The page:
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respiratory syncytial virus

Respiratory syncytial virus, flu, and COVID-19 — the “tripledemic”

I rarely write about the respiratory syncytial virus (RSV), but the number of people infected by the virus, especially children, is leading to a fear of a tripledemic that includes RSV, the seasonal flu, and our constant nemesis, COVID-19. I guess this is the time I start writing more about the respiratory syncytial virus because everyone needs to be aware of this infectious disease.

This post will review what respiratory syncytial virus is, why it is so dangerous to children and seniors, and whether a vaccine is available.

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XBB variant

New XBB variant of COVID-19 — bivalent booster vaccine works

Here we go with a new, kind of scary version of COVID-19 — the XBB variant, which is just one of several variants that are spreading across the world. I think we’ve heard and read about so many variants over the past two and a half years that it might appear to be background noise.

But the new XBB variant probably shouldn’t be ignored — it spreads faster and seems to evade the immune system. These two issues alone can become problematic as we enter the winter months.

This article will look at this variant (though I’m just picking on one out of dozens that appear to be circulating) because XBB seems to be a bit more virulent than others. But there’s good news too — the new bivalent COVID-19 vaccine boosters from Pfizer and Moderna appear to protect against the new variant.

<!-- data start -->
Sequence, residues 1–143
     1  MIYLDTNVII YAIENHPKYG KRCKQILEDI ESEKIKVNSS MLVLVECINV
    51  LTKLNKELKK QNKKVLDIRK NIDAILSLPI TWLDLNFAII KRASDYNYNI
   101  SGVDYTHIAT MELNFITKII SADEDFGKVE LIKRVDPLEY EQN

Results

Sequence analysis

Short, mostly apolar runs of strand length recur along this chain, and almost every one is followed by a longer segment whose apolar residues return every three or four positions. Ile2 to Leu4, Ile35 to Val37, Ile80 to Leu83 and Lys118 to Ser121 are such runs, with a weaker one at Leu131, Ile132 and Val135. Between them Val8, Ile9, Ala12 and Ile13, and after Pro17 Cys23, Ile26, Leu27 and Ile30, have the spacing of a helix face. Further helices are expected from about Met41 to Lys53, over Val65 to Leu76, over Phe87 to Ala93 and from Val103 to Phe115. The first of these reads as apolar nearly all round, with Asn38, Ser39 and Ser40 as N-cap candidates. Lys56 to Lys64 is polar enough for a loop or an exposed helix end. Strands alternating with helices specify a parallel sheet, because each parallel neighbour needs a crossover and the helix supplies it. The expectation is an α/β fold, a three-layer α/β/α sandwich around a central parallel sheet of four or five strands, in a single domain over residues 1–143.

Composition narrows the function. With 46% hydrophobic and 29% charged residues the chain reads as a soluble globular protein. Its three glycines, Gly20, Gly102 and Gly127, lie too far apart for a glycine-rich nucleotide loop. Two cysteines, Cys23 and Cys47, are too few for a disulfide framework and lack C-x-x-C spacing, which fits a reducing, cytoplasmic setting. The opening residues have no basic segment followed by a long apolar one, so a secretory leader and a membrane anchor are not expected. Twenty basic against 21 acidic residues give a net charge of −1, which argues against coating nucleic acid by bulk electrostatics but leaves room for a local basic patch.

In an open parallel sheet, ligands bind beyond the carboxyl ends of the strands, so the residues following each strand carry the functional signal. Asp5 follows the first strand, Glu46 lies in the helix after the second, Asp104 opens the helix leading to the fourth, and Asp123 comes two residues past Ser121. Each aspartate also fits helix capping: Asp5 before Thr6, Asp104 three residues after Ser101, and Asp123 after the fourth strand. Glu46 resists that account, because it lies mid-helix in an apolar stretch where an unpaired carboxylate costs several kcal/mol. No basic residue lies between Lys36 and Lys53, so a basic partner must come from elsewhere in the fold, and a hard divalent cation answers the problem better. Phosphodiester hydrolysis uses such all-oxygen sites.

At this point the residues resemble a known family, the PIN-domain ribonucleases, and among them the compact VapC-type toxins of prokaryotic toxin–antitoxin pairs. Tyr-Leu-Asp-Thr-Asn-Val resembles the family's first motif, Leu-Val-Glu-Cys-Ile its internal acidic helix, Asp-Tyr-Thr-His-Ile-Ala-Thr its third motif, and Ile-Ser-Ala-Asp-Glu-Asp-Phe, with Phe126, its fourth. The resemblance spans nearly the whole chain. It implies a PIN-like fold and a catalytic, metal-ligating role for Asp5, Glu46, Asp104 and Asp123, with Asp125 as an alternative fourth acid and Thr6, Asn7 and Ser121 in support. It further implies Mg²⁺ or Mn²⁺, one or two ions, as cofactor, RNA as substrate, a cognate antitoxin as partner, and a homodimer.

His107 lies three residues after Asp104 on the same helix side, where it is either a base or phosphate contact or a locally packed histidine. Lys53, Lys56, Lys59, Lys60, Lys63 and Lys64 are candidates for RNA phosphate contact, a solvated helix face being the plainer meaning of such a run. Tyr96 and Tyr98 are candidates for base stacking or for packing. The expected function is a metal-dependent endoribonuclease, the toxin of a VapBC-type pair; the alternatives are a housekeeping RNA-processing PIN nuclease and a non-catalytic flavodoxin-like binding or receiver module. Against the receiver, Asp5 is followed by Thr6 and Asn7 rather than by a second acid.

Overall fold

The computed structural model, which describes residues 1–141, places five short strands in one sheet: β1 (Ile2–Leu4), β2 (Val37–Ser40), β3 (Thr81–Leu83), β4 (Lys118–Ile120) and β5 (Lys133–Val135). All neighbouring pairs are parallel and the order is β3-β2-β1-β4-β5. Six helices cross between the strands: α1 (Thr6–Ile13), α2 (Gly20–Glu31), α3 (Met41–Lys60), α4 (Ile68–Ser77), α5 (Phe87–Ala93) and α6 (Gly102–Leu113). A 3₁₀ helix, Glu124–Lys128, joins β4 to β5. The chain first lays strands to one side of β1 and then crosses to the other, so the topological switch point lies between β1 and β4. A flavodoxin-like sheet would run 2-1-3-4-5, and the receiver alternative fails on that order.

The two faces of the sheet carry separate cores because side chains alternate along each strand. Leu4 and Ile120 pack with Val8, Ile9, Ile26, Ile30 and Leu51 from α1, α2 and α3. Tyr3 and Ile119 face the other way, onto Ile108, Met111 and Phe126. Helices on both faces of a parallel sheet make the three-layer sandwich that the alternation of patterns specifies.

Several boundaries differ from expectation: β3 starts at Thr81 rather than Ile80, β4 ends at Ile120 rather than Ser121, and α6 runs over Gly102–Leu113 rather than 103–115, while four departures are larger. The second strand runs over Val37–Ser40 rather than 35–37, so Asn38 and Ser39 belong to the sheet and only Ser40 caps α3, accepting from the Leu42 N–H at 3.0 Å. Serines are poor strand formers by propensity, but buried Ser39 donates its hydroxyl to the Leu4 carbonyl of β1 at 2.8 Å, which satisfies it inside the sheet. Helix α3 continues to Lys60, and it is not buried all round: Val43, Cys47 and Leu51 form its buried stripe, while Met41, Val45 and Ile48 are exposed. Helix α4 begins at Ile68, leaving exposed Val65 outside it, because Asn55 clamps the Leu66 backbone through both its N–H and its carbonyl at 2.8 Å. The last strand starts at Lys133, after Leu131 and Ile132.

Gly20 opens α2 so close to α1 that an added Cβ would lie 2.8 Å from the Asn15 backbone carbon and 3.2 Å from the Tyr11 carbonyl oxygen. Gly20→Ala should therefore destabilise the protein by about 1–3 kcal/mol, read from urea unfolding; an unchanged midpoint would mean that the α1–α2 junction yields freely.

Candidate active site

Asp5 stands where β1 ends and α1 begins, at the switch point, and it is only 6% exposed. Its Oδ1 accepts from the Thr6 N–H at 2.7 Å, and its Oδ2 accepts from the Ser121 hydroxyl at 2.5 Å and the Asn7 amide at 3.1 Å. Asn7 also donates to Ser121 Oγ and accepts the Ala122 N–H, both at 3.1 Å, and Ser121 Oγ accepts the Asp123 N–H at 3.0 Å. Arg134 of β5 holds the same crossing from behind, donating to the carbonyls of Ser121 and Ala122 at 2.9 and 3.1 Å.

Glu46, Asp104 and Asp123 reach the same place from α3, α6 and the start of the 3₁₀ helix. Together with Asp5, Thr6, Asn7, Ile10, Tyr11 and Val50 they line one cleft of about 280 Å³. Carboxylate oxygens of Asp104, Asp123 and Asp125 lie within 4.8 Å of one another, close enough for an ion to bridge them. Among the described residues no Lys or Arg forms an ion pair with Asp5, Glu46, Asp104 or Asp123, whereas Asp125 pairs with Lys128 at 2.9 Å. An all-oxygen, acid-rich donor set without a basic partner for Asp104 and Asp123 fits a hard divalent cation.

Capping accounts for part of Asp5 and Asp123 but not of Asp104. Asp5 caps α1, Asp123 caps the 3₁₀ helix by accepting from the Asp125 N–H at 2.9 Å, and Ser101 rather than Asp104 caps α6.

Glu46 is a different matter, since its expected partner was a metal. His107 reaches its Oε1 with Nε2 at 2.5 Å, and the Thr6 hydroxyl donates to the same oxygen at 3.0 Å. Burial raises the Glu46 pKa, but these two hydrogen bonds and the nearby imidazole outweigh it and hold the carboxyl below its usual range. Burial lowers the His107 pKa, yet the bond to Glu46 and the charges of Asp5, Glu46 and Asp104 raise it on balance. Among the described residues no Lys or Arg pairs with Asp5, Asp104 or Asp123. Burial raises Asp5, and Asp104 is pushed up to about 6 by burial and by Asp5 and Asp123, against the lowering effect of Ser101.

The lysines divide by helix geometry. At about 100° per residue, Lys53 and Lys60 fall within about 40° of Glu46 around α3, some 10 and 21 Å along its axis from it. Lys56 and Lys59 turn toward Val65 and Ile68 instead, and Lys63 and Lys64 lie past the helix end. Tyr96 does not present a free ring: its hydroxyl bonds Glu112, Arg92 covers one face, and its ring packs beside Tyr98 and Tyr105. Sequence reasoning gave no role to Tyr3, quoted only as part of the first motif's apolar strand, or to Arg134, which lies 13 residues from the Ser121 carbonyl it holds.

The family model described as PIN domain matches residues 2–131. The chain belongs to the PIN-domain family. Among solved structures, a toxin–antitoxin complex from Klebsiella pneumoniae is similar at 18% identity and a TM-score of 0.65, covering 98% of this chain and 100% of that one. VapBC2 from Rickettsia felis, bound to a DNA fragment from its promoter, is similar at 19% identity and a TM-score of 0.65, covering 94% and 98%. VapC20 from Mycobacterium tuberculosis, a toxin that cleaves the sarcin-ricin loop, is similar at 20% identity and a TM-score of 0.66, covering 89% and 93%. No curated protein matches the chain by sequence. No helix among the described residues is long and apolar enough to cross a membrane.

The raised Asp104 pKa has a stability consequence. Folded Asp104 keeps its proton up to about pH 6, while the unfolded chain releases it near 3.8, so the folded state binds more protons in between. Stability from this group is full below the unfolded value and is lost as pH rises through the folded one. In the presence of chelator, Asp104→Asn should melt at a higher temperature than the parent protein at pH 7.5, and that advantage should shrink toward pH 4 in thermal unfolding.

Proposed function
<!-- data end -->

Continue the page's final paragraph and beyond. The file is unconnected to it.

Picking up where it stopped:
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second COVID-19 vaccine booster

Second COVID vaccine booster now or wait for the new vaccine?

Someone asked me the other day whether she should get the extremely safe second COVID-19 vaccine booster now or wait for the new Omicron-adapted vaccines that are coming in the fall from Pfizer and Moderna. I didn’t know the answer, so I thought I would investigate. Maybe it will help you or someone you know with that decision too.

The actual answer is a bit complicated, but there appear to be some good, solid recommendations coming from people who are experts in containing this pandemic. Let’s take a look.

By the way, this old dinosaur got his first Moderna booster in October 2021 and received his second booster (this time Pfizer) in April 2022. I do practice what I rant about here!

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COVID-19 flu vaccines

Combined flu and COVID vaccines associated with mild reactions

A new study examined the incidence of mild reactions after individuals have received the flu and COVID-19 vaccines at the same time. The researchers did not find anything to be of concern, but I always like to get ahead of a story and discuss it so I (and you) are prepared to deal with the inevitable anti-vaccine meme or trope.

Since COVID-19 cases will probably be increasing this fall (in fact, it’s already increasing), we will probably need another booster this fall. And that’s about the time most of us get our flu shot, so researchers wanted to know if there were any issues when getting both the flu and COVID-19 vaccines. Spoiler alert — not really.

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COVID-19 vaccine facts

COVID-19 vaccine facts and debunking myths — the semi-complete list

There are so many myths about the COVID-19 vaccine, I wanted to post some facts about the new vaccines which we can use for debunking purposes. I used to think that the HPV vaccine brought the most hatred and misinformation from the anti-vaccine world, but it’s clear that the new COVID-19 vaccines are their new targets.

This article will only focus on the five vaccines that I believe will eventually receive FDA or European Medicines Agency (EMA) approval – Pfizer, Moderna, AstraZeneca, Johnson & Johnson (JNJ Janssen), and Novavax vaccines. I remain unconvinced that any vaccine made in China or the Russian Sputnik V vaccine will ever get approved by countries with robust drug regulatory agencies. However, if they are, I will certainly add them to a future iteration of this list.

I’m going to make this in a basic chart form for ease of use in finding COVID-19 vaccine facts and myths. I will link to supporting evidence wherever relevant.